Walker Evans, American Photographs (1938)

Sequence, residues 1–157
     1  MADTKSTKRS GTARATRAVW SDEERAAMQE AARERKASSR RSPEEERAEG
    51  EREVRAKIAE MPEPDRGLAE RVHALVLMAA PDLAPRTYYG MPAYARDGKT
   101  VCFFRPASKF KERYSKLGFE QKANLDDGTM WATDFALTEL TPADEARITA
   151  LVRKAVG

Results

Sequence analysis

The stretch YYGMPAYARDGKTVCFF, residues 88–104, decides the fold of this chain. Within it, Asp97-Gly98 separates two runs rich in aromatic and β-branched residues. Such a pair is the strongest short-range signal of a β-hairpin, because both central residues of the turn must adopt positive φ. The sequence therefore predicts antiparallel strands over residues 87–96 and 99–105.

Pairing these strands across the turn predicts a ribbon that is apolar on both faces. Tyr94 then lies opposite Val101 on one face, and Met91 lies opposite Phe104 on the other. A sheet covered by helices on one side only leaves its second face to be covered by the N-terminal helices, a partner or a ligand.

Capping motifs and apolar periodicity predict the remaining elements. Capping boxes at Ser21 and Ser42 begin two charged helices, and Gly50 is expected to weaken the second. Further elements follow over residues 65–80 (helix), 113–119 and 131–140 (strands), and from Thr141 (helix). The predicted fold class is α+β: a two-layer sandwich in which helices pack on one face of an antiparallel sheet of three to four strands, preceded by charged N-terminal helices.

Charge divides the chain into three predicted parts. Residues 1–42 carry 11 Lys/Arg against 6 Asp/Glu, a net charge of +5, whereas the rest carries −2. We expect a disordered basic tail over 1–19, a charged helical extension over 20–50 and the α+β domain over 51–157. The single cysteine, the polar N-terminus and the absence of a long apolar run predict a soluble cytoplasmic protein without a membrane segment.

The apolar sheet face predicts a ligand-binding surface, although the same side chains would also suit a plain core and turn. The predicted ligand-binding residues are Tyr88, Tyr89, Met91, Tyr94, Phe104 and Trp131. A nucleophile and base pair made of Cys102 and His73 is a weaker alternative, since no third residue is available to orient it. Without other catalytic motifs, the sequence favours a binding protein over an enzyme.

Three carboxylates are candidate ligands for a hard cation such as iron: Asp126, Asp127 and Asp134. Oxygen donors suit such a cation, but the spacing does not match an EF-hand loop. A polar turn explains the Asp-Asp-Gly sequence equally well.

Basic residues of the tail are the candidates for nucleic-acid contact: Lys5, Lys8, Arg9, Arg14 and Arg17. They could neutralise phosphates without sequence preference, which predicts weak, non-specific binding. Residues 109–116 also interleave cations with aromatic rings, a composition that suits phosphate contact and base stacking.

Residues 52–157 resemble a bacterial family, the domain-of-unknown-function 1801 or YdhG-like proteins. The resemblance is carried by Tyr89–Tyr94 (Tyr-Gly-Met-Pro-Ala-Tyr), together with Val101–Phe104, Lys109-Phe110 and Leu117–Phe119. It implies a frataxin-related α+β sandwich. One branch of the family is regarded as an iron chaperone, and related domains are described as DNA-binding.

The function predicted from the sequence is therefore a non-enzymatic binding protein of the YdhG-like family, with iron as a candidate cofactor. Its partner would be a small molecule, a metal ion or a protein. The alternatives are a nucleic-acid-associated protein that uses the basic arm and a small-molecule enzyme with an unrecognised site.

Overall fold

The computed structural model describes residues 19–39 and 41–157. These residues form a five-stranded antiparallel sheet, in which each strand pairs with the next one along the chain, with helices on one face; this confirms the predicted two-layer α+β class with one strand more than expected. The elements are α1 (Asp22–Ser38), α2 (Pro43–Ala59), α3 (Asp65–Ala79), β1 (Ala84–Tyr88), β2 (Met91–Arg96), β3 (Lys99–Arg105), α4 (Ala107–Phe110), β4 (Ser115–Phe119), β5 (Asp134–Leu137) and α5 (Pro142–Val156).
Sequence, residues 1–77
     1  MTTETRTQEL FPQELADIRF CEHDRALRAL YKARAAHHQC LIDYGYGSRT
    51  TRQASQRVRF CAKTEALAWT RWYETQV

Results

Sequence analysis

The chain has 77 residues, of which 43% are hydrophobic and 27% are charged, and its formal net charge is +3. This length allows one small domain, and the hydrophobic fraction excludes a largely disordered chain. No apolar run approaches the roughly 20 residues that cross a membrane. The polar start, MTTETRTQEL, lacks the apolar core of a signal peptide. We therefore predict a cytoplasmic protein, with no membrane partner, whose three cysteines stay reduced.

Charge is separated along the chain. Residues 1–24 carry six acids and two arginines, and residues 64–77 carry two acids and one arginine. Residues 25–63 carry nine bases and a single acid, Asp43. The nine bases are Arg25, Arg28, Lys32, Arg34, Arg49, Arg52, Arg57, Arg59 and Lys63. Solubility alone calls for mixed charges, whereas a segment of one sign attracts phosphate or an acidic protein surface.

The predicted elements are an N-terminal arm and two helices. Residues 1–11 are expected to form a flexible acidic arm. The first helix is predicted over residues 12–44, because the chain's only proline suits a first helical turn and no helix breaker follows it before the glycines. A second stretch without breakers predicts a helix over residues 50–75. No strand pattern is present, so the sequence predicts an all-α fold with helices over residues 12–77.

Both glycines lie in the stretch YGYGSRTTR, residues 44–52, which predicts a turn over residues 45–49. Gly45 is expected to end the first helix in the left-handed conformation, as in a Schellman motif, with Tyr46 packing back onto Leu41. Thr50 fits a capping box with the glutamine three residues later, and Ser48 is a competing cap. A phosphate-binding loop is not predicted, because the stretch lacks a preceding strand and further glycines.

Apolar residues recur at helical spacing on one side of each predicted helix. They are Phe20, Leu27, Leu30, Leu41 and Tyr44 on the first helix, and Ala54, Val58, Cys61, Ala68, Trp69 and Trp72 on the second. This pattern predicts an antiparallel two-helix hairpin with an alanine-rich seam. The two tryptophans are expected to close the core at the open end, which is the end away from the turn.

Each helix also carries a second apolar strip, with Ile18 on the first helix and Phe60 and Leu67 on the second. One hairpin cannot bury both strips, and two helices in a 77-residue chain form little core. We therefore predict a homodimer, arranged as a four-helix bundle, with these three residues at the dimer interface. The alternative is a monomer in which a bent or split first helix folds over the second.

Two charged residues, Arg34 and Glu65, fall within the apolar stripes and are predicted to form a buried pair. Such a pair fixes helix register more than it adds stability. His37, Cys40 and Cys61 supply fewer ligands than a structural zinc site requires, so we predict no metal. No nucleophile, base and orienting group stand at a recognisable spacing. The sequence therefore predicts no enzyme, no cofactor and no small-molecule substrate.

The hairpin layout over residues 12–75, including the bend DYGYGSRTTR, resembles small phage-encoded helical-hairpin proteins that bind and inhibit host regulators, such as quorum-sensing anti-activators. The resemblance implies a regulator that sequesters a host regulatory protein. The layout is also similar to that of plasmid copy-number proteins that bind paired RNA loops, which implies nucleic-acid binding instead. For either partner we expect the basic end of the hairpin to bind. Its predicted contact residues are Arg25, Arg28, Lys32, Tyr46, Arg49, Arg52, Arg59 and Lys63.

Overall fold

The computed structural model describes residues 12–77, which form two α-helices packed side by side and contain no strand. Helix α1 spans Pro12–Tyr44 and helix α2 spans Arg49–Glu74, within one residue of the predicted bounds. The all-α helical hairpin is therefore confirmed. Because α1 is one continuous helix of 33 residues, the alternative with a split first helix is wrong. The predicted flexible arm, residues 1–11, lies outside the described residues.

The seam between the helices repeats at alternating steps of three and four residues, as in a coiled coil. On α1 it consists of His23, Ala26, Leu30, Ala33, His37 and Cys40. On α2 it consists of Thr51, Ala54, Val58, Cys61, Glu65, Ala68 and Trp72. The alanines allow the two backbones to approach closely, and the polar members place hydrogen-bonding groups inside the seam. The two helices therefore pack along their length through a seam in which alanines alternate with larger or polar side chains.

Everyone should own this book. It’s that simple. This was the book that confirmed the indissoluble expressive potential of a suite of images, accompanying the Museum’s first one-person photography exhibition. One particularly memorable passage in Lincoln Kirstein’s accompanying text begins, “After looking at these pictures with all their clear, hideous and beautiful detail, their open insanity and pitiful grandeur, compare this vision of a continent as it is, not as it might be or as it was, with any other coherent vision that we have had since the war. What poet has said as much? What painter has shown as much? Only newspapers, the writers of popular music, the technicians of advertising and radio have in their blind energy accidentally, fortuitously, evoked for future historians such a powerful monument to our moment. And Evans’ work has, in addition, intention, logic, continuity, climax, sense and perfection….” (For more on Kirstein’s history as a collector and advocate of modern photography, you can read the catalogue of the recent exhibition Lincoln Kirstein’s Modern.) American Photographs remains a central touchstone and is the point of departure for Gallery 520 at MoMA, titled Picturing America, which will be on view when the Museum is able to reopen.